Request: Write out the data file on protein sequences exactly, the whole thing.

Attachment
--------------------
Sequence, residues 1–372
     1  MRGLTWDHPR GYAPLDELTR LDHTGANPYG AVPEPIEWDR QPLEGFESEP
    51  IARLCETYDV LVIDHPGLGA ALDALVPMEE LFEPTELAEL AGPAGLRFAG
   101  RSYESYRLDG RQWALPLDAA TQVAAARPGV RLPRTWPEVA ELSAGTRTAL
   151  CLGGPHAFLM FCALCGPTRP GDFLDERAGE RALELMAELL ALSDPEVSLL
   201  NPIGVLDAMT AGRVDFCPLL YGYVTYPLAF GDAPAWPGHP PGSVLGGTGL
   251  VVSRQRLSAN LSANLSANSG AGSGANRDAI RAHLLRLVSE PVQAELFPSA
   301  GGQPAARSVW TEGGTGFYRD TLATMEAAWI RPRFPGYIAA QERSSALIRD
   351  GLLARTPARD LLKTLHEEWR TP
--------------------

Sequence, residues 1–372
     1  MRGLTWDHPR GYAPLDELTR LDHTGANPYG AVPEPIEWDR QPLEGFESEP
    51  IARLCETYDV LVIDHPGLGA ALDALVPMEE LFEPTELAEL AGPAGLRFAG
   101  RSYESYRLDG RQWALPLDAA TQVAAARPGV RLPRTWPEVA ELSAGTRTAL
   151  CLGGPHAFLM FCALCGPTRP GDFLDERAGE RALELMAELL ALSDPEVSLL
   201  NPIGVLDAMT AGRVDFCPLL YGYVTYPLAF GDAPAWPGHP PGSVLGGTGL
   251  VVSRQRLSAN LSANLSANSG AGSGANRDAI RAHLLRLVSE PVQAELFPSA
   301  GGQPAARSVW TEGGTGFYRD TLATMEAAWI RPRFPGYIAA QERSSALIRD
   351  GLLARTPARD LLKTLHEEWR TP